Policy and Politics

Federal lawmakers are moving ahead with a new approach to health care that includes changing the way insurers cover pre-existing health conditions.

Indiana has submitted new information to the Centers for Medicare and Medicaid Services on its Medicaid expansion program, the Healthy Indiana Plan, or HIP 2.0. 

Katherine Peraza poses with her her 3-month-old son. (Jill Sheridan/IPB News)
(Jill Sheridan/IPB News)

From ages 7 to 18, Katherine Peraza was a ward of the state, living with a foster family in Indianapolis for most of that time. At 19, she became pregnant. When she went to the doctor, she was hit with a surprise.  

U.S. House of Representatives / house.gov

More than 400 mental health and addiction treatment organizations across the country have spoken up against the most recent version of the revised Republican healthcare bill, which cleared the U.S. House Thursday afternoon.  

Clock Is Ticking On GOP Bill: 5 Ways Health Care Tug-Of-War May Play Out

May 4, 2017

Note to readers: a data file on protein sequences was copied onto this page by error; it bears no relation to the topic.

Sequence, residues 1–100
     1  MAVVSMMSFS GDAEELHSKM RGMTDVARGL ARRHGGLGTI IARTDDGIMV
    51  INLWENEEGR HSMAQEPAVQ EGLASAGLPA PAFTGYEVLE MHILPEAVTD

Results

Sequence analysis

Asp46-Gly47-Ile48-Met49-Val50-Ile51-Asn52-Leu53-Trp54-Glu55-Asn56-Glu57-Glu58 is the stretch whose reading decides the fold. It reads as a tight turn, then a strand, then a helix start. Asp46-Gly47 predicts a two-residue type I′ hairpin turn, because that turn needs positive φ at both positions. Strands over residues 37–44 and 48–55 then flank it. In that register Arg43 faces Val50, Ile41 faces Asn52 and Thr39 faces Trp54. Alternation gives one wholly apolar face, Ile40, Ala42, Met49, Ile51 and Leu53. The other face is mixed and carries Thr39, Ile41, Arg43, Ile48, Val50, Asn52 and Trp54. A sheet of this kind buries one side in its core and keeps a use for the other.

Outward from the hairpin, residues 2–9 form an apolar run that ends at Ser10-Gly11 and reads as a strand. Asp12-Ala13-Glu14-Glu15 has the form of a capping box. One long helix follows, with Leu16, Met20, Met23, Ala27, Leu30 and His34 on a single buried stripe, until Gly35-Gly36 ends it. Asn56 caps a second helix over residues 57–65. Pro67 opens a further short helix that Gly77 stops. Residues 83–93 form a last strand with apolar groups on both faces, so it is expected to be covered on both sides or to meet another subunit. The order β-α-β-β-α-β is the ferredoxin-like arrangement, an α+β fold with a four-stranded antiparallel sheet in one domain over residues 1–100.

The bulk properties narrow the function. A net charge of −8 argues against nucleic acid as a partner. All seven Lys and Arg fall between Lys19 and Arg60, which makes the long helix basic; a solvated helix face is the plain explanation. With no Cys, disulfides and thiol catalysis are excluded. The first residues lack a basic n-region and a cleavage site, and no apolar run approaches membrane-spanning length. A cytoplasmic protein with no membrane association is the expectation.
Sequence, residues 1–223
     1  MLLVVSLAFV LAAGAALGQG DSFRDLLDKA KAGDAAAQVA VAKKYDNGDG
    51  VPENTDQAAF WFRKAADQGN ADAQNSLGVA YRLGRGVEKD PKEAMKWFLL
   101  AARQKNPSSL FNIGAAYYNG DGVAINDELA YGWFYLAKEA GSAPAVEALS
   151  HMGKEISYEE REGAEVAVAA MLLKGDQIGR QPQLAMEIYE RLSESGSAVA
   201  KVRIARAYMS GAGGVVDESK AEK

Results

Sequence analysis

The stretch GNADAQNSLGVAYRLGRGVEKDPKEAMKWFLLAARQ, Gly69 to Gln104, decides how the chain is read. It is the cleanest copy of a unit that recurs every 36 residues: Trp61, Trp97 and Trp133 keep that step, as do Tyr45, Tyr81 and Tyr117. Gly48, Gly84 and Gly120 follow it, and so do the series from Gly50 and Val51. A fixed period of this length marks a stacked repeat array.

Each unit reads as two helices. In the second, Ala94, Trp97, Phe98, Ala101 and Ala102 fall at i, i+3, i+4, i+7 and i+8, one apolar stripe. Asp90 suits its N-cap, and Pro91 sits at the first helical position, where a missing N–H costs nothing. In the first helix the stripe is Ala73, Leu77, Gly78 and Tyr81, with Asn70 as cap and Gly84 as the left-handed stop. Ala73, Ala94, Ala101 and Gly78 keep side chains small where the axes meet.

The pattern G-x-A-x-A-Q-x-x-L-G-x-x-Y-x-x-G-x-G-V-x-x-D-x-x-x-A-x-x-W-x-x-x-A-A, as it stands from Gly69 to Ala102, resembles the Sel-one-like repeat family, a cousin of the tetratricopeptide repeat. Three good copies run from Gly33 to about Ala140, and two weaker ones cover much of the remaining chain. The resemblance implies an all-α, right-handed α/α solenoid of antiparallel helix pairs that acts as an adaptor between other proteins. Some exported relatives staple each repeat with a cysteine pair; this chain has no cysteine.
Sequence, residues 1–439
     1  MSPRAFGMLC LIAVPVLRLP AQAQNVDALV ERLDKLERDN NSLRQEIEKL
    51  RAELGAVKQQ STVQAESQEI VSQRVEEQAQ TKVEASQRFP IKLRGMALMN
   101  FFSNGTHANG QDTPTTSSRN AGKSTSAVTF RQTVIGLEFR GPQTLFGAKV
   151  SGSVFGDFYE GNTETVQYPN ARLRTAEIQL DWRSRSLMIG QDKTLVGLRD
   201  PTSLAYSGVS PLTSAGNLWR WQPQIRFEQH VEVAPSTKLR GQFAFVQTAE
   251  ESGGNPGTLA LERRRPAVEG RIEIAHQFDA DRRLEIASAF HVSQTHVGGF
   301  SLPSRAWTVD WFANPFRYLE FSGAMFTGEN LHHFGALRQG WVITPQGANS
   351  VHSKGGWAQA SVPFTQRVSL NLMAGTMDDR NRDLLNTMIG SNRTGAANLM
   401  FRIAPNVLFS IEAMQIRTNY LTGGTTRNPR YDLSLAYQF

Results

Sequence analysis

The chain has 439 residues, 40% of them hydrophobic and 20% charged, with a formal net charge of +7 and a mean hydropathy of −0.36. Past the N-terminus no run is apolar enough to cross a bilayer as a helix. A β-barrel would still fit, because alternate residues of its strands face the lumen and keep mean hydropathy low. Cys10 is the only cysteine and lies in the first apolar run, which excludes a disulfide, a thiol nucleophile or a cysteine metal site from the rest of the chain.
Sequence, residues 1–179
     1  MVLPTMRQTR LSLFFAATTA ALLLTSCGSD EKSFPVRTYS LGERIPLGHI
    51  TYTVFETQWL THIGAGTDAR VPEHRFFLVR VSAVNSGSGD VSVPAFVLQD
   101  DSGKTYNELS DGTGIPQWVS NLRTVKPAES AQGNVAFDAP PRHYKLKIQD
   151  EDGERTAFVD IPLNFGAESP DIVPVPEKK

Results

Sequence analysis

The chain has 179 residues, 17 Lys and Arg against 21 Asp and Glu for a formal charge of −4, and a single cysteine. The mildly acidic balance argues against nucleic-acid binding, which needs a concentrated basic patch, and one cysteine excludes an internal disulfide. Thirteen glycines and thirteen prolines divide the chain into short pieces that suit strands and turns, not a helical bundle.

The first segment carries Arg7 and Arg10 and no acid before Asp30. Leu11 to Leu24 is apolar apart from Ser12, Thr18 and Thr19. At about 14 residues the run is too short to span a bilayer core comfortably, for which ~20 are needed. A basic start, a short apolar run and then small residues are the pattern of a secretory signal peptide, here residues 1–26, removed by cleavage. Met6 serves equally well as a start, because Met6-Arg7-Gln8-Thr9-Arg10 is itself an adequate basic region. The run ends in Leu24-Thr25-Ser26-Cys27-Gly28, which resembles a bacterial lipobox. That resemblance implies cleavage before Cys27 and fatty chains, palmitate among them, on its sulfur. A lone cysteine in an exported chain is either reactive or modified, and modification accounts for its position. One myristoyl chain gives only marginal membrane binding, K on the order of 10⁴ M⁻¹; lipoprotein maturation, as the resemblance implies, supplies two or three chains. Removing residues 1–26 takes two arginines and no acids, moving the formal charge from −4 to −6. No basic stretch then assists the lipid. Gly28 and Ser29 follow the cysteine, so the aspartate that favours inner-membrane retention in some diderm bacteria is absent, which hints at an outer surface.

Architect of the Capitol / https://www.aoc.gov/capitol-buildings/national-statuary-hall

The House may pass its bill to repeal and replace parts of the Affordable Care Act. But Republicans’ pathway to fulfilling their seven-year effort to undo the federal health law is getting narrower by the day.

Bram Sable-Smith / Side Effects/KBIA

When 2-year-old Ryan Lennon Fines was born on Christmas day 2014, his mouth wasn’t connected to his stomach, a condition known as esophageal atresia. After three months in a NICU in St. Louis the family flew to Boston, where Ryan had surgery.

Bram Sable-Smith / KBIA/Side Effects Public Media

Six years ago, 53-year-old Corla Morgan noticed blisters forming on her neck and back.

“I couldn’t sleep because when I took my shirt off, if my shirt touched my skin, the skin just peeled off,” Morgan says. “I was in really horrible pain.”

Updated at 5 p.m. ET

House Republicans scrapped a vote on their health care replacement plan on Friday after defections from both the right and center that made it clear the bill would not pass.

"Obamacare is the law of the land. It is going to remain the law of the land," House Speaker Paul Ryan admitted shortly after he pulled the bill. "We're going to be living with Obamacare for the foreseeable future. I don't know how long it's going to take us to replace this law."

GOP Health Care Bill Could Hit Rural America Hard

Mar 21, 2017
Screenshot/Department of Health and Human Services

Darvin Bentlage says his health insurance plan used to be the same as all the other cattle farmers in Barton County, Mo.: stay healthy until he turned 65, then get on Medicare. But when he turned 50, things did not go according to plan.

“Well, I had a couple issues,” he says.

He’s putting it mildly.


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